FDA Warning Letter due to Inadequate Storage Conditions and Repacking/Relabeling Operations

End of December 2022, the U.S. Food and Drug Administration (FDA) has published a Warning Letter dated 22 November 2022. The letter goes back to an inspection from 25 April to 09 May 2022 at a drug repackaging and relabeling facility located in Pennsylvania. The document summarizes significant deviations from Current Good Manufacturing Practice (CGMP) for Active Pharmaceutical Ingredients (APIs). It also addresses Good Distribution Practice (GDP) aspects.

Customer Complaints for Returned APIs

The FDA says that the company did not adequately investigate customer complaints for returned APIs. In the Warning Letter, some examples are described:

  • An API lot was returned to the company's facility because of quality issues. Nevertheless, the company redistributed the same lot of API to a different customer. An investigation to assess the drug quality was not performed.
  • The company received a COA from one of the suppliers with an expiration date of 19 April 2024 for an API lot. This lot was distributed. Later, the supplier provided a COA with a different expiration date of 19 April 2023 for the same lot. No investigation was performed to assess whether the change in the expiration date was accurate and appropriate. Thus, it was unclear whether it was scientifically justified to distribute the API lot with a year longer expiration date.

The FDA points out, that it is the company's responsibility to ensure that API returned to the "inventory and redistributed has the identity, strength, quality, and purity that it is purported to have."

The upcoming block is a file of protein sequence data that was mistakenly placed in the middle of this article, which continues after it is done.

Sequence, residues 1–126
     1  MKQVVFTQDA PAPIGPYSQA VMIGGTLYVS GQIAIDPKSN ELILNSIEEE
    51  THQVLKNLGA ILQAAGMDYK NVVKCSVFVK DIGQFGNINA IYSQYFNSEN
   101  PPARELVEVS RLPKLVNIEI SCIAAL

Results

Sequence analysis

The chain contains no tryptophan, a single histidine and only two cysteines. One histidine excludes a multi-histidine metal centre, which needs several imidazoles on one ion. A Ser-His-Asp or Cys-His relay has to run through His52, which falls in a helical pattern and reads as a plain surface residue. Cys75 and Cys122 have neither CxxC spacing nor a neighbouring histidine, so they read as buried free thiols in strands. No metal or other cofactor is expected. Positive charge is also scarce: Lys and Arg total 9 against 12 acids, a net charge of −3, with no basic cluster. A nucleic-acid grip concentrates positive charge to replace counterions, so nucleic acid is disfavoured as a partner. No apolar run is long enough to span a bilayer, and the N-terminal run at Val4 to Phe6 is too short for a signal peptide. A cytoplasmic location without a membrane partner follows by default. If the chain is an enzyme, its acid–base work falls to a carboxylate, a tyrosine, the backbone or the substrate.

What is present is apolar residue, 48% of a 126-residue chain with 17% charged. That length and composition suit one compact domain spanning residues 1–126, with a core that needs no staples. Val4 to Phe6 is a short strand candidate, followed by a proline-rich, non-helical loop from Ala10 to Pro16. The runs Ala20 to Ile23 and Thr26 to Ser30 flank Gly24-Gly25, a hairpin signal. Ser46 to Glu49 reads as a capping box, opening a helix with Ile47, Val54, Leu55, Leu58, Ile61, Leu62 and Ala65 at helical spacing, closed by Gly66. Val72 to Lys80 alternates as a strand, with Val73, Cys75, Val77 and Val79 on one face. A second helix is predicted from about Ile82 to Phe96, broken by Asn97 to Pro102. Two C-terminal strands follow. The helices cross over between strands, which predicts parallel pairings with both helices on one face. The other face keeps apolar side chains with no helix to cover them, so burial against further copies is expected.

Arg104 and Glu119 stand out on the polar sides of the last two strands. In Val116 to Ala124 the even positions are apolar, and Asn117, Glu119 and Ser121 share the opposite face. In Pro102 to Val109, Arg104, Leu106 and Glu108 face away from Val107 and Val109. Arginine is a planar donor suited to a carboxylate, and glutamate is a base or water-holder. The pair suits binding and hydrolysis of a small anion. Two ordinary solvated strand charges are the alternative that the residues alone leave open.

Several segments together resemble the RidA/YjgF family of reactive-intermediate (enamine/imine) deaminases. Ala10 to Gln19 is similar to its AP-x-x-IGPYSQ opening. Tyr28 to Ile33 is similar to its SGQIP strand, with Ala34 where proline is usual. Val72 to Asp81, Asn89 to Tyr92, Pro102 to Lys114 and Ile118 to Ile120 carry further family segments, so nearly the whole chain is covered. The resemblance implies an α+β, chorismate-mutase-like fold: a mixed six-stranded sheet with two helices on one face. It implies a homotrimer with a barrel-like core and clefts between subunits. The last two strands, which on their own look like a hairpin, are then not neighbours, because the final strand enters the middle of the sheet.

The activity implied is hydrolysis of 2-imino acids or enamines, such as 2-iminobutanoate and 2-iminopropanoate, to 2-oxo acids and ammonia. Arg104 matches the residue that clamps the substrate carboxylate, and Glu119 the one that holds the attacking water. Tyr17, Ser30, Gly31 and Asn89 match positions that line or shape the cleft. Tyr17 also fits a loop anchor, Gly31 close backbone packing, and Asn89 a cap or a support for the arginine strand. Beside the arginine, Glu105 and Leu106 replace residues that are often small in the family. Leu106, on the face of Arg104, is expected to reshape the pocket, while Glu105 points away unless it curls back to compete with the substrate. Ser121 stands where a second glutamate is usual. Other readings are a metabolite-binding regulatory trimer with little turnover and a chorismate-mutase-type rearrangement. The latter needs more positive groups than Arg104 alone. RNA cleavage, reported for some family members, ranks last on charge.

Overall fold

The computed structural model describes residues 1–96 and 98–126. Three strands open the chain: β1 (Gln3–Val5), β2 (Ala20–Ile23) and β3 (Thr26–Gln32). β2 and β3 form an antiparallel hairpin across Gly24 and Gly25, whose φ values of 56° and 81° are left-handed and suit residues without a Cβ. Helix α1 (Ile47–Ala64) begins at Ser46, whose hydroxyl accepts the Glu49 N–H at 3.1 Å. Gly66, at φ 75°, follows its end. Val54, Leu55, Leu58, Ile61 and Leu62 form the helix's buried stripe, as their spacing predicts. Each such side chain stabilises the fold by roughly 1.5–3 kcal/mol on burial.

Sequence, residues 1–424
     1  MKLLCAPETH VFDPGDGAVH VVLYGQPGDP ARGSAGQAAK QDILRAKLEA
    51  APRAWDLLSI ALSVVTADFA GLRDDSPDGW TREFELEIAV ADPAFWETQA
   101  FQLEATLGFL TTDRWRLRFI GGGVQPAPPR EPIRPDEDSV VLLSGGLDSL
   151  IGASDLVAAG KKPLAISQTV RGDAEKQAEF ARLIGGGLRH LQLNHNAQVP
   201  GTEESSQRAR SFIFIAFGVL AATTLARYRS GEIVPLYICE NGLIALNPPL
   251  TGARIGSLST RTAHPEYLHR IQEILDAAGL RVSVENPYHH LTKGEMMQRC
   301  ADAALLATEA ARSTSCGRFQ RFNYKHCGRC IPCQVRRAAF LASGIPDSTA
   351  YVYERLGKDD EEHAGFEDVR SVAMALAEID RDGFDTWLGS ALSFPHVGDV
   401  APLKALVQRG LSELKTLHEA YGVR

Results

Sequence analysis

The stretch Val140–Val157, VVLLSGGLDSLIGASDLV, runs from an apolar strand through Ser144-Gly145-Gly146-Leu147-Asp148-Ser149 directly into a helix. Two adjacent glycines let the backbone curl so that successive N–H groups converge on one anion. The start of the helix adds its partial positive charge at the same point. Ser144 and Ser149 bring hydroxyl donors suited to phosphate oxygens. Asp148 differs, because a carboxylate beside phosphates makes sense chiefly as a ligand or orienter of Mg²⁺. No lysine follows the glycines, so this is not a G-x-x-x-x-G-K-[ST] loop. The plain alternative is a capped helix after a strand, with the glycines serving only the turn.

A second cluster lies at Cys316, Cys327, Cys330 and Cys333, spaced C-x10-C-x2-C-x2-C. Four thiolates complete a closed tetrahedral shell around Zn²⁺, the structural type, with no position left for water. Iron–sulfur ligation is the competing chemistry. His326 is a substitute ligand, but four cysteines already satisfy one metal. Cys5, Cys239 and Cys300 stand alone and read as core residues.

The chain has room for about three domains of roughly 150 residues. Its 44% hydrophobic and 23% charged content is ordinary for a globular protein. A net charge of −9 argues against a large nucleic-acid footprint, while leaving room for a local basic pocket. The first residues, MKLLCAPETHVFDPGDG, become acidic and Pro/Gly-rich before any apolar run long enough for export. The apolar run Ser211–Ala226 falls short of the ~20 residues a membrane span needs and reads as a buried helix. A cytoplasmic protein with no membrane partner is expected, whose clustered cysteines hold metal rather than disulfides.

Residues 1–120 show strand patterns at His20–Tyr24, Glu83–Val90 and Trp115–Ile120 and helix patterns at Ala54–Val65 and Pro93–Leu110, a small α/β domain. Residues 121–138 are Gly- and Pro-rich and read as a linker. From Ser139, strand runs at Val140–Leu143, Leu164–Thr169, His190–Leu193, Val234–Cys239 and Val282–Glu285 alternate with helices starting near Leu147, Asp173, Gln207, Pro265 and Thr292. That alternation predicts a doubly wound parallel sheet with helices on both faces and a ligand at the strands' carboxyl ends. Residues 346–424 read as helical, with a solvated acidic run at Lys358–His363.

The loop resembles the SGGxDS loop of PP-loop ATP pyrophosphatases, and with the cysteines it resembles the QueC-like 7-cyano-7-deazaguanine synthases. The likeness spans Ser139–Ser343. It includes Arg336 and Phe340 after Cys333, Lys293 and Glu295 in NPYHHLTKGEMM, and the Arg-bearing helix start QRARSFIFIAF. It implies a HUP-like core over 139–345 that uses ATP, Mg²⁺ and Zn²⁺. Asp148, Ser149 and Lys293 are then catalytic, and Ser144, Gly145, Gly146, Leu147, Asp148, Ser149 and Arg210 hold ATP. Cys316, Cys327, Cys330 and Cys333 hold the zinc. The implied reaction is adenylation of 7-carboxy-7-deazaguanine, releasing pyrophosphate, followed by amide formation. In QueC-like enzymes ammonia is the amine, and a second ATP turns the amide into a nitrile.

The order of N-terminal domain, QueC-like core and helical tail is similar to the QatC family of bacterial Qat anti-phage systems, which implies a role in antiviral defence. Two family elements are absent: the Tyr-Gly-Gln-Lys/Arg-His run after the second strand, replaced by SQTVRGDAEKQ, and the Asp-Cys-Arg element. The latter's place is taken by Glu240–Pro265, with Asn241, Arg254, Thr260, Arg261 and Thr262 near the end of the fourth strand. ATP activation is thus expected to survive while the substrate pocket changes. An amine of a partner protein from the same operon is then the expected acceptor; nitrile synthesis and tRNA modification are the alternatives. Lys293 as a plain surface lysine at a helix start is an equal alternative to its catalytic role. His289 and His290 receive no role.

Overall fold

Storage Conditions

According to the FDA, the firm did not adequately monitor the API storage conditions:

  • The temperature probes to monitor the controlled substances storage area and refrigerator were not operational at the time of FDA inspection.
  • The firm could not provide records for temperature and humidity monitoring to demonstrate that the facility held the APIs under appropriate storage conditions.
  • There were no documents available showing that the probe locations to monitor temperature and humidly were representative of the worst-case environmental conditions.

The FDA requested the company to provide, beside others, "a comprehensive assessment of [the] storage, holding, and environmental monitoring controls."

Repacking and Relabeling Operations

The FDA investigators observed that repacking and relabeling operations of APIs were performed in "an uncontrolled and open environment without adequate controls to prevent mix-ups and cross-contamination": The following example is given:

  • Repackaging and relabeling was performed without line clearance procedures and appropriate documentation. This concerned in particular a highly potent and toxic agent and another API classified as an immunosuppressive agent.

The FDA points out that those operations require appropriate handling and controls to prevent cross-contamination into other drugs. Even if the company has already committed to no longer perform repacking and relabeling operations, the FDA is concerned that mix-ups or cross-contamination could have occurred in the past.

For more details, please see the complete FDA Warning Letter to MD Pharmaceutical Supply, LLC.

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